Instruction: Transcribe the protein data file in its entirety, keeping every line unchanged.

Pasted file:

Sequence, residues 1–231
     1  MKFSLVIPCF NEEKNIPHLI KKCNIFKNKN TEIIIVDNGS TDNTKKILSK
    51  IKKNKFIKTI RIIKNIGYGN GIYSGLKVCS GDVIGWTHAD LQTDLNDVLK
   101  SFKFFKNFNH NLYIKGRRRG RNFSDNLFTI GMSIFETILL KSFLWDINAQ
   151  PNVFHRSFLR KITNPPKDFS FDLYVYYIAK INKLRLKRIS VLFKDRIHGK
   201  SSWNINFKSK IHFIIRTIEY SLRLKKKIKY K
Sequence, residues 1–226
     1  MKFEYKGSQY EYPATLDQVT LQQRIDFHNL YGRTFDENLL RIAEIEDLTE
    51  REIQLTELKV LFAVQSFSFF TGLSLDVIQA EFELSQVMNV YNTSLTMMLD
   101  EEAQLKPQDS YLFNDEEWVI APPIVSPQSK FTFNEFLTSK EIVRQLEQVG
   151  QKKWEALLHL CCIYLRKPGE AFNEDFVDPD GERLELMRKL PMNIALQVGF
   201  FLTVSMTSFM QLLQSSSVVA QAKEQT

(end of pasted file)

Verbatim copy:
Sequence, residues 1–231
     1  MKFSLVIPCF NEEKNIPHLI KKCNIFKNKN TEIIIVDNGS TDNTKKILSK
    51  IKKNKFIKTI RIIKNIGYGN GIYSGLKVCS GDVIGWTHAD LQTDLNDVLK
   101  SFKFFKNFNH NLYIKGRRRG RNFSDNLFTI GMSIFETILL KSFLWDINAQ
   151  PNVFHRSFLR KITNPPKDFS FDLYVYYIAK INKLRLKRIS VLFKDRIHGK
   201  SSWNINFKSK IHFIIRTIEY SLRLKKKIKY K
Sequence, residues 1–226
     1  MKFEYKGSQY EYPATLDQVT LQQRIDFHNL YGRTFDENLL RIAEIEDLTE
    51  REIQLTELKV LFAVQSFSFF TGLSLDVIQA EFELSQVMNV YNTSLTMMLD
   101  EEAQLKPQDS YLFNDEEWVI APPIVSPQSK FTFNEFLTSK EIVRQLEQVG
   151  QKKWEALLHL CCIYLRKPGE AFNEDFVDPD GERLELMRKL PMNIALQVGF
   201  FLTVSMTSFM QLLQSSSVVA QAKEQT